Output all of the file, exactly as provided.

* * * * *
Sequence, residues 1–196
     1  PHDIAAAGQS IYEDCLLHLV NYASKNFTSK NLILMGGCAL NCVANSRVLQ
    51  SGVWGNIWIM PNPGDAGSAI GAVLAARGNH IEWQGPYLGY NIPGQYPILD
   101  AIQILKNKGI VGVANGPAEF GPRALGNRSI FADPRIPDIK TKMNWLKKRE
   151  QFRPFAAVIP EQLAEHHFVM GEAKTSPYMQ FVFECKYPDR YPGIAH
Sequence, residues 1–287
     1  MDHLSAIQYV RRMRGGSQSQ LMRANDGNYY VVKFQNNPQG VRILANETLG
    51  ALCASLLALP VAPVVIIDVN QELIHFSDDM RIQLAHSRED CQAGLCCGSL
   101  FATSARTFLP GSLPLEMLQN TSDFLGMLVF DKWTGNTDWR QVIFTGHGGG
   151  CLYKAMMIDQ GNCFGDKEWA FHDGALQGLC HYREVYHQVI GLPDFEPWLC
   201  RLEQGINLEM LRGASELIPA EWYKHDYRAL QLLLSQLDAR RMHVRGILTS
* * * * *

Sequence, residues 1–196
     1  PHDIAAAGQS IYEDCLLHLV NYASKNFTSK NLILMGGCAL NCVANSRVLQ
    51  SGVWGNIWIM PNPGDAGSAI GAVLAARGNH IEWQGPYLGY NIPGQYPILD
   101  AIQILKNKGI VGVANGPAEF GPRALGNRSI FADPRIPDIK TKMNWLKKRE
   151  QFRPFAAVIP EQLAEHHFVM GEAKTSPYMQ FVFECKYPDR YPGIAH
Sequence, residues 1–287
     1  MDHLSAIQYV RRMRGGSQSQ LMRANDGNYY VVKFQNNPQG VRILANETLG
    51  ALCASLLALP VAPVVIIDVN QELIHFSDDM RIQLAHSRED CQAGLCCGSL
   101  FATSARTFLP GSLPLEMLQN TSDFLGMLVF DKWTGNTDWR QVIFTGHGGG
   151  CLYKAMMIDQ GNCFGDKEWA FHDGALQGLC HYREVYHQVI GLPDFEPWLC
   201  RLEQGINLEM LRGASELIPA EWYKHDYRAL QLLLSQLDAR RMHVRGILTS